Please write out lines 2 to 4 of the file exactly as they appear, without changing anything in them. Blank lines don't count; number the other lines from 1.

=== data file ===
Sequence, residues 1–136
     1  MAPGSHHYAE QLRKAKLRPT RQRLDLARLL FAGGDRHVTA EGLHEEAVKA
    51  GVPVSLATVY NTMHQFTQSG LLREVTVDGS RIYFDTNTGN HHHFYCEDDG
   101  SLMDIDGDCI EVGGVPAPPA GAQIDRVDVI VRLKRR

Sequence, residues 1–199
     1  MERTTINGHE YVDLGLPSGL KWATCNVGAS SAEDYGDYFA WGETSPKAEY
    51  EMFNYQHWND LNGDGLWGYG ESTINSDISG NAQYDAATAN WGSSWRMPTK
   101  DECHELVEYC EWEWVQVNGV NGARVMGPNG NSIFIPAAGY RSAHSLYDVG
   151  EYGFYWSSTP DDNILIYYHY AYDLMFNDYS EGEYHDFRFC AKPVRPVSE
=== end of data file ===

     1  MAPGSHHYAE QLRKAKLRPT RQRLDLARLL FAGGDRHVTA EGLHEEAVKA
    51  GVPVSLATVY NTMHQFTQSG LLREVTVDGS RIYFDTNTGN HHHFYCEDDG
   101  SLMDIDGDCI EVGGVPAPPA GAQIDRVDVI VRLKRR